Construction took 3 weeks, whilst we were casting and training actors in Nairobi.  As is usual with visiting productions, the Zentropa producers were talking of casting the principal parts, particularly that of the evil warlord, from South Africa, Europe or the US.   And, as usual, we found the perfect thespians in Kenya.
The weather also cooperated perfectly, with winds and dust sweeping through the camp, tents flapping and little black kids’ faces turned white with panda eyes.   After we left, the rains came and have barely stopped in this region until now.
The film survived an attack by the Kenyan gutter press suggesting it was fermenting a war in Sudan, and has been released to great critical acclaim around the world.  The Danish title is Hævnen, and it is released in English (subtitled) as In a Better World.   It is the Danish entry for the Oscars as Best Foreign Language Film, and has received a nomination in the same category in the Golden Globes.   Congratulations to Writer/Director Susanne Bier.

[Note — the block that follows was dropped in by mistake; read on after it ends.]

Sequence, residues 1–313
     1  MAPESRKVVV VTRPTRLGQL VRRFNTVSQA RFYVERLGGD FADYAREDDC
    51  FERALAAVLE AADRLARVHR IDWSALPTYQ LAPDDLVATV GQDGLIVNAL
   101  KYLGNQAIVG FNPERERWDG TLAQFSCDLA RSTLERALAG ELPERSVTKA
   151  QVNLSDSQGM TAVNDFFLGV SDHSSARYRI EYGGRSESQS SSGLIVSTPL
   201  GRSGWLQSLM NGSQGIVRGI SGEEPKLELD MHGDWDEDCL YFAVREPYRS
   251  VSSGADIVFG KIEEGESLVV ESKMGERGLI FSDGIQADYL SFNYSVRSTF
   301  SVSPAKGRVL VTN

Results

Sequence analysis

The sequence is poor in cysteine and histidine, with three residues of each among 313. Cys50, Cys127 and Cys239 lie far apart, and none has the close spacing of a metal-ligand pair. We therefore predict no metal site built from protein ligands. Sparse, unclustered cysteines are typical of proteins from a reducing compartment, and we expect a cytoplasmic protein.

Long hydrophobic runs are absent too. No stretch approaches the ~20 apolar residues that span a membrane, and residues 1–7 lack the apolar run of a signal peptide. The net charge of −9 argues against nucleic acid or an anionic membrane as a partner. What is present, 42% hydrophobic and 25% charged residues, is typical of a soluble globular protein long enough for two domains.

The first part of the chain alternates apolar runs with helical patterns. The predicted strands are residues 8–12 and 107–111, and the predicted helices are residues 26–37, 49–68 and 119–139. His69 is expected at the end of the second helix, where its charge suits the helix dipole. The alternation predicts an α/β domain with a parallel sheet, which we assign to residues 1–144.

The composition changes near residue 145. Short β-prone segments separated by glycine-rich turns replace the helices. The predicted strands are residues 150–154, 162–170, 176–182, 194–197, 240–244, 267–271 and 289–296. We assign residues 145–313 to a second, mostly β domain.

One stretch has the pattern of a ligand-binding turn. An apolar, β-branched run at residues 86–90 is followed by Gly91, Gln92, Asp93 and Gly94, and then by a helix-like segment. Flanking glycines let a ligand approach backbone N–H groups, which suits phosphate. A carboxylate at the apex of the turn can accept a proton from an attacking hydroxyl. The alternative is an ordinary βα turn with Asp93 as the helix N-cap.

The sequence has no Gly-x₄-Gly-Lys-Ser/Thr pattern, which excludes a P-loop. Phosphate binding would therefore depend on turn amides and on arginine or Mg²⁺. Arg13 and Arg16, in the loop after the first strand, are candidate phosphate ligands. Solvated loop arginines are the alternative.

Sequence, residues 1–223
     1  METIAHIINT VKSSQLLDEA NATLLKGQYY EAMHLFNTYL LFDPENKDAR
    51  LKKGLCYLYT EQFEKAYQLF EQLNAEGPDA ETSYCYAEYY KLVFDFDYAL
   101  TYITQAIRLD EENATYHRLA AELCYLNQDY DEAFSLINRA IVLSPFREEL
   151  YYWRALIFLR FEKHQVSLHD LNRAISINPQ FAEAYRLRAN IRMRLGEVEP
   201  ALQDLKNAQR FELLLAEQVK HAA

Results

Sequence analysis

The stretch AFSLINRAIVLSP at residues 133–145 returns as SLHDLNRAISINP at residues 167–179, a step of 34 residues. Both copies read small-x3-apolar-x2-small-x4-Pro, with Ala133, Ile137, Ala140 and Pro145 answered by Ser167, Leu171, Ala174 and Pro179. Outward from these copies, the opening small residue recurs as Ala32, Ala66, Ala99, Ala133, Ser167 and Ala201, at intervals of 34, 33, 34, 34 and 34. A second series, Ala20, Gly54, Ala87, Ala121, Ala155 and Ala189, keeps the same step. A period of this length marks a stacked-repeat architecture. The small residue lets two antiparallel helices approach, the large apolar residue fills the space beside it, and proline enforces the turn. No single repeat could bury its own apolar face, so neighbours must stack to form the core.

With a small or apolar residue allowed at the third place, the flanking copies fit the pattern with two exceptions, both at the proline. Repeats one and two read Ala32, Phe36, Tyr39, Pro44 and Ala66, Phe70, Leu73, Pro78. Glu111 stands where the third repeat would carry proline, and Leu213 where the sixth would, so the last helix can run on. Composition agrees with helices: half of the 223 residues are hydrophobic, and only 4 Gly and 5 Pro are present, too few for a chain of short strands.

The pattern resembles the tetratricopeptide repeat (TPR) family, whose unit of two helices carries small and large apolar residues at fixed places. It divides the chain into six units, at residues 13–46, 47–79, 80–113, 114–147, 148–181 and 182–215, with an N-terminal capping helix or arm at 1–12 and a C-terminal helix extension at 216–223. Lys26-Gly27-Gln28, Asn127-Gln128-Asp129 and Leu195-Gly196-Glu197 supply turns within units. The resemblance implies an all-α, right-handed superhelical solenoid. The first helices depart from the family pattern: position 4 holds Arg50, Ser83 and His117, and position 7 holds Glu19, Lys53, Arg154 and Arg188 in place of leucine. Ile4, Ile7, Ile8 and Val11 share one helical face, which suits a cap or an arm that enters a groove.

Whilst we were shooting with Zentropa, another Danish Producer and Director were busy prepping a Danish feature film in Kibera – famous as Africa’s biggest informal settlement or slum – casting and location scouting.  After they met with Jenny, they decided to work with Pontact.
We shot this delightful little kids’ movie in March and April 2010, three weeks in Kibera and then various locations around Nairobi for 4 weeks.  As always, it was low budget and because we were working with children, we worked an 8 hour day and 5-day week.  Kenyan freelance crew could not believe their luck. 
Apart from the lovely Connie Neilsen and Lars Mikkelsen and a ten year old actor from Denmark, all the other characters were cast locally, including 6 children and teenagers for whom the production company is now providing an education.